As a result, Azamat abandons Borat, taking his passport, all of their money, and their bear (whose head is later seen inside Azamat’s motel refrigerator). Borat’s truck runs out of gas, and he begins to hitchhike to California. He is soon picked up by drunken fraternity brothers from the University of South Carolina. On learning the reason for his trip, they show him the Pam and Tommy sex tape, revealing that she is not the virgin he thought she was. After leaving the three students, Borat becomes despondent, burning the Baywatch booklet and, by mistake, his return ticket to Kazakhstan. He is also about to slaughter his pet hen, but then changes his mind and lets it go.

Borat attends a United Pentecostal camp meeting, at which Republican U.S. Representative Chip Pickering and Mississippi Supreme Court Chief Justice James W. Smith, Jr. are present. He regains his faith, and forgives Azamat and Pamela. He accompanies church members on a bus to Los Angeles and disembarks to find Azamat dressed as Oliver Hardy (though Borat thinks that he is dressed as Adolf Hitler). The two reconcile and Azamat tells Borat where to find Pamela Anderson. Borat finally comes face-to-face with Anderson at a book signing at a Virgin Megastore. After showing Anderson his “traditional marriage sack”, Borat pursues her throughout the store in an attempt to abduct her until he is tackled and handcuffed by security guards. Borat visits Luenell and they return to Kazakhstan together.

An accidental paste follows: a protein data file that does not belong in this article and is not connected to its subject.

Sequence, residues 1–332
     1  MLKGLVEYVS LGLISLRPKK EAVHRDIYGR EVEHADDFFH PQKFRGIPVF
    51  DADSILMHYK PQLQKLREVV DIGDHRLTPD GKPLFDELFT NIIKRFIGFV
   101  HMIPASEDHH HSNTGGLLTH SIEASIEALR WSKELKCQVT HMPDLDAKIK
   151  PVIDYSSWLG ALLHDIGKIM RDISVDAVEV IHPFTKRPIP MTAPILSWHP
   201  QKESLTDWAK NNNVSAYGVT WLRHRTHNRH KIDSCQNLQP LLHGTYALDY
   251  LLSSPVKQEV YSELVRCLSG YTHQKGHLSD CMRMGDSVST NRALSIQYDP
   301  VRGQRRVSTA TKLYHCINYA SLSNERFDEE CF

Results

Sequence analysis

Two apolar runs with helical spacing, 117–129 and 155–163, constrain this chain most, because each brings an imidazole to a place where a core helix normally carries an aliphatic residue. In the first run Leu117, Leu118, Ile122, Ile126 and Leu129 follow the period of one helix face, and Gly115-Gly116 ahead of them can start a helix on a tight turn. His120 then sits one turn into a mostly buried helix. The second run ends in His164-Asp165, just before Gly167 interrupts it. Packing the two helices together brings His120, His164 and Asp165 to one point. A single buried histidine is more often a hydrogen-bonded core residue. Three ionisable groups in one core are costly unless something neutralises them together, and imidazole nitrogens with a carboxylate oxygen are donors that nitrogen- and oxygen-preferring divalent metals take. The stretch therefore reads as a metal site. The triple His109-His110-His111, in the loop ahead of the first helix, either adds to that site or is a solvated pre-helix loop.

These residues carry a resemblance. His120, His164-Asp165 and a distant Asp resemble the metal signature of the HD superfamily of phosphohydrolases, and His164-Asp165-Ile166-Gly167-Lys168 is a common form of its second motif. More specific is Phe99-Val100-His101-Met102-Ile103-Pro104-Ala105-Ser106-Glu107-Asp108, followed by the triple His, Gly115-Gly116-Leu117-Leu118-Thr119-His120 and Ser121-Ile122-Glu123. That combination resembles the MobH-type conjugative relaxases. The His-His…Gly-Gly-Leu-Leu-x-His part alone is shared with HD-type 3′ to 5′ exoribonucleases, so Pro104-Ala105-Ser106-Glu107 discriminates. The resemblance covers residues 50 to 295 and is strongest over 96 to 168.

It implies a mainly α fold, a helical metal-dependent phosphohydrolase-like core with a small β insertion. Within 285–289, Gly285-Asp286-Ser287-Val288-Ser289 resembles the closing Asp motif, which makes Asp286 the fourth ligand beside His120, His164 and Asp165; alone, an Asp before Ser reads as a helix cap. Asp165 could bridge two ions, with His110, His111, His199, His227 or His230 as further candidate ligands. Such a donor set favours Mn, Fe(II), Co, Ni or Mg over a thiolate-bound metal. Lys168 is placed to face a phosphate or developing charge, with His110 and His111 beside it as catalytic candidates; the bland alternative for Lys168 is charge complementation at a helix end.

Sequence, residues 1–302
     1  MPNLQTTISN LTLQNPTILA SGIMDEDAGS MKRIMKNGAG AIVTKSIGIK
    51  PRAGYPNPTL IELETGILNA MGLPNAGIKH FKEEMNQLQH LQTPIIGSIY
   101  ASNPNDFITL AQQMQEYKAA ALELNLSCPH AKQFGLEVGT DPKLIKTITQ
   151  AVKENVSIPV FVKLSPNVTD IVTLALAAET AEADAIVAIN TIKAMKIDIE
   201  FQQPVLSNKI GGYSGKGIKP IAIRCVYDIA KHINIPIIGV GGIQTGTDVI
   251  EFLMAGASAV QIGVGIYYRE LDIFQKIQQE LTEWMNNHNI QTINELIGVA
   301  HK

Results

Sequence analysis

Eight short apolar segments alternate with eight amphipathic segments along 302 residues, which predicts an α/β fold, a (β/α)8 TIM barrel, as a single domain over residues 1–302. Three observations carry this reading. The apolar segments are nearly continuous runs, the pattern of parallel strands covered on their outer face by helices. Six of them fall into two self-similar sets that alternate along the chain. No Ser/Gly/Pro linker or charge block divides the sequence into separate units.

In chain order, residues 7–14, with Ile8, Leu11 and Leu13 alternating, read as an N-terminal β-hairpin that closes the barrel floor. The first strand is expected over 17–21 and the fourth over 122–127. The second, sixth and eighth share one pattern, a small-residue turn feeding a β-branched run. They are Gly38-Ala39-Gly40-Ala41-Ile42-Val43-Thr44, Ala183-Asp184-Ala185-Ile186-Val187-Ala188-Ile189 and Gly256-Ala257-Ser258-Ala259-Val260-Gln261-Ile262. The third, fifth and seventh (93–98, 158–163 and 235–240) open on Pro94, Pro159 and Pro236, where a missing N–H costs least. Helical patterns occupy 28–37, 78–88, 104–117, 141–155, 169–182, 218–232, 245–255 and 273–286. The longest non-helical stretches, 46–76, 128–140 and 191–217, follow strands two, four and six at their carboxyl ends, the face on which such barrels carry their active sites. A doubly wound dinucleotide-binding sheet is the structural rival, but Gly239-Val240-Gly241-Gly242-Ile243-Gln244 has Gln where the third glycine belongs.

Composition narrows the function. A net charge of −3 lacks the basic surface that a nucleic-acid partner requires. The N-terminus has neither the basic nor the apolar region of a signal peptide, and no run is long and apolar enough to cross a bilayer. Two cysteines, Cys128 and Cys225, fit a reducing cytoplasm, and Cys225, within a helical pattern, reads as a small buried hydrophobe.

The final scene (set 8 months later) shows the changes that Borat’s observations from America have brought to his village, including the apparent conversion of the people to Christianity (the Kazakh version of which includes crucifixion and torturing of Jews) and the introduction of computer-based technology, such as iPods, laptop computers and a high-definition, LCD television.

The film plays out with a recapitulation of a mock Kazakhstan national anthem glorifying the country’s potassium resources and its prostitutes as being the second cleanest in the region. The visual melange of Soviet-era photos are mixed with the real flag of Kazakhstan and, incongruously, the final frames show the portrait of Ilham Aliyev, real-life president of Azerbaijan, a country that had not been otherwise mentioned in the film.

“You can’t sell a product without first making people feel bad.”

After breaking up with his lover and boss, a smooth-talking man takes his teenaged nephew out on the town in search of sex.

Roger-Dodger

Roger Dodger (2002)

After cynical New York advertising copywriter Roger Swanson (Campbell Scott) is dumped by his on-again/off-again girlfriend, Joyce (Isabella Rossellini) — who is also his boss — his painful workday is further complicated by the unexpected arrival of his 16-year-old nephew, Nick (Jesse Eisenberg). After asking to spend the night at Roger’s, Nick reveals that he has come to ask for help—in hopes of ditching his virginal status, Nick begs Roger for a lesson in the art of seduction. Embittered Roger then takes on the role of a nocturnal drill sergeant in an imaginary war between the sexes, starting Nick’s training at an upscale singles bar. There they meet two beautiful women (Elizabeth Berkley and Jennifer Beals) who turn out to be less malleable than Roger expects.